• JellyCat

    How did you determine that? The math doesn’t add up.

  • JellyCat

    Where 70-75% protein comes from animal protein?

  • monkey

    Around 25% of the protein comes from peas/chickpeas/sweet potato.

  • JellyCat

    Why saying that there’s virtually no meat is a stretch? Notice that first ingredient is salmon, not a salmon meal. Fresh salmon is mostly water and there is also some fat. After cooking into dry kibble you are left with very small amount of salmon. Actually there is not just some protein coming from peas, most of the protein is coming from peas.

  • monkey

    I heard 70-75% of the protein comes from an animal protein source. Just top the kibble with a 95% meat canned food to bump it up. Problem solved!

  • Pattyvaughn

    When you consider that the first ingredient is salmon which is approximately 80% water, then you should understand that there are more chickpeas and peas then there is salmon. Actually there is probably more dried eggs than salmon too, but at least that is a quality ingredient. And rating the food has very little to do with how your individual dog does on it, but how your dog does on it doesn’t make the food better than it is either.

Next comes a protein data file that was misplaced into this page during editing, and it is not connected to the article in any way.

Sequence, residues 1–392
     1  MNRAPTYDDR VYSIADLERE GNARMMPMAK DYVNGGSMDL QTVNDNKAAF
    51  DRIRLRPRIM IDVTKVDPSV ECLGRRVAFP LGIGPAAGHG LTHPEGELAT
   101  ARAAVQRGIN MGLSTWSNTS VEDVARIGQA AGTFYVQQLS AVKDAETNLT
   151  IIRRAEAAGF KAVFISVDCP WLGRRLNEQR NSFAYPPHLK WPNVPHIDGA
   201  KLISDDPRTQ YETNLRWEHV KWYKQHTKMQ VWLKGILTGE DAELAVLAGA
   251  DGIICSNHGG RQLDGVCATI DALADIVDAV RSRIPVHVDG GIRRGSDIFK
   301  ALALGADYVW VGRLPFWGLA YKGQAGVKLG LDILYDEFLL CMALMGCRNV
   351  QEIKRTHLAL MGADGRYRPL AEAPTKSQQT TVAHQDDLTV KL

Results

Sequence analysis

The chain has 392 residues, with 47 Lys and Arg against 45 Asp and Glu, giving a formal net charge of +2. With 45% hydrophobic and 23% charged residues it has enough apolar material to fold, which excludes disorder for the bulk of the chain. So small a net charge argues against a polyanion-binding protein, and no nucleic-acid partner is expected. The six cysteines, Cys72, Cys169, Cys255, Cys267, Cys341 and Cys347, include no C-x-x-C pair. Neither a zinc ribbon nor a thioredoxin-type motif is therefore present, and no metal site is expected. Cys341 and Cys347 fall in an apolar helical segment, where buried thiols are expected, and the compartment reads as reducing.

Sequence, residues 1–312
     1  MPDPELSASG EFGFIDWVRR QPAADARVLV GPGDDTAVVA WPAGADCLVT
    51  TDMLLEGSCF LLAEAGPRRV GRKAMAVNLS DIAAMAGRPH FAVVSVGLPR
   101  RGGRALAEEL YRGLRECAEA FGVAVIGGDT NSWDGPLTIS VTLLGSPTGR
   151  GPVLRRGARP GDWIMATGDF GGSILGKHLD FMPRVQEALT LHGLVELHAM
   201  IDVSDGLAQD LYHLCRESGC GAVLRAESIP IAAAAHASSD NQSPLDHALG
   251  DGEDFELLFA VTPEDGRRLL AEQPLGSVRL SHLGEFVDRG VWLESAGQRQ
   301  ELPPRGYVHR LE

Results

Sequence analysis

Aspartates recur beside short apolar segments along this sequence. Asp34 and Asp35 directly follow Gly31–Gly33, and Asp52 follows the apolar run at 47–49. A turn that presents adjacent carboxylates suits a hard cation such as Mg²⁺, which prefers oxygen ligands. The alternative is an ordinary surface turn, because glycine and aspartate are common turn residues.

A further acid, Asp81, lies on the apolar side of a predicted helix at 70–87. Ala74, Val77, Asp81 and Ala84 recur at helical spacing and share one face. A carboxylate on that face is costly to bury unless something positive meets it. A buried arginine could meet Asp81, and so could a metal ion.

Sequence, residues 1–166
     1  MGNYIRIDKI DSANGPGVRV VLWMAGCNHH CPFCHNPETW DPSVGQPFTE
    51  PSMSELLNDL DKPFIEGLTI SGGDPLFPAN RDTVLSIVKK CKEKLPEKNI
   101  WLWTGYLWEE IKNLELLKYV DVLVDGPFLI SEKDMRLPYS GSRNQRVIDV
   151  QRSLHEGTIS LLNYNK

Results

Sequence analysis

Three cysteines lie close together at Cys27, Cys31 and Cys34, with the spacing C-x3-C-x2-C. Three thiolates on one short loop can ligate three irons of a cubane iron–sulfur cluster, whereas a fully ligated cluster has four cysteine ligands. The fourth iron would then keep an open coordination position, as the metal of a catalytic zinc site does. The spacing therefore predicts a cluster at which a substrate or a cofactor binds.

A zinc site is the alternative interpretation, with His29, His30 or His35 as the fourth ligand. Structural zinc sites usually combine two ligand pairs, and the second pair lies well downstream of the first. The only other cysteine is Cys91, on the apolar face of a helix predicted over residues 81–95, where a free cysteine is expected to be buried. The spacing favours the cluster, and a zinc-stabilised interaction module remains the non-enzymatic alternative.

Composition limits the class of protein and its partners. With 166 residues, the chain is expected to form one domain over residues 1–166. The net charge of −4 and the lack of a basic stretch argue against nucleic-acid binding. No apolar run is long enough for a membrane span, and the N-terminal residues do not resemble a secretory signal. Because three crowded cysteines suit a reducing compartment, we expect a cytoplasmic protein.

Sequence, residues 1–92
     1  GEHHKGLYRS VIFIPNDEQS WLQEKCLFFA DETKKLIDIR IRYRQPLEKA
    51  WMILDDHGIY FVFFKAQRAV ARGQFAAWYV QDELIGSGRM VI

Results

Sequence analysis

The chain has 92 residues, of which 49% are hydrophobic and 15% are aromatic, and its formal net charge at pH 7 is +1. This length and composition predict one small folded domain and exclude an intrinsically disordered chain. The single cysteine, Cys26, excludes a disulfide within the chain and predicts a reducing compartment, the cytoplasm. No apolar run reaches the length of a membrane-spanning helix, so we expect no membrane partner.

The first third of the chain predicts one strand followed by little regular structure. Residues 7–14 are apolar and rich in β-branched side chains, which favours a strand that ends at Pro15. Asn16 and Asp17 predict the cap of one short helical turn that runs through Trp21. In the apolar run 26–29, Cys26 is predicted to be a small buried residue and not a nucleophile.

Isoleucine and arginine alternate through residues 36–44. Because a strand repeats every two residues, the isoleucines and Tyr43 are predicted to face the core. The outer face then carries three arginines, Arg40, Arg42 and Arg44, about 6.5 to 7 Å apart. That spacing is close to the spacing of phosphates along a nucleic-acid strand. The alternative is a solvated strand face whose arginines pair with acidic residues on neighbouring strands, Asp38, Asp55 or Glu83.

• shammy

    Jellycat, that’s a bit of a stretch saying there’s “virtually no meat.” Sure, there will be some protein coming from the peas but there IS in fact, meat content. Sheesh. This is one of the few foods I can rotate my bichon on. People need to stop worrying about how many stars foods get and take a look at what their dog is telling them.

  • JellyCat

    It is only 3.5 star because there is virtually no meat. Almost all protein derived from plants.

  • Pattyvaughn

    The protein level may be the only reason for 3.5 stars. The rice warning is on all the reviews, I believe. At least I’ve found it on some grain free reviews.

  • PugMom4

    I am confused – why is this only 3.5? I know a little lower in protein, but everything else appears fine – now I am not an expert so that is why I am asking that question, lol – I do not see anything that jumps out at me – except why does it give a warning about rice – many of the holistic foods fed to dogs that are still a 4 star, but not exactly grain free contain different rice – brown rice and so on…? Thank you so much – I ask about that because I just purchased a bag of Holistic Select (coupon) and two of our dogs do fine on it – I believe there is a little rice in this brand – I could not find a retailer that is carrying their grain free option yet.

  • annie

    calcium/ phorphous ratio is not labelled

  • Bob K

     Tiffanihallan – 3.5 stars is a decent food if your loved one is doing well, its competitively priced and readily available.  Half of the dog foods reviewed on this website probably are not available where you live as they are smaller companies with limited distribution.  3.5 is a whole lot better than 1 or 1.5 stars.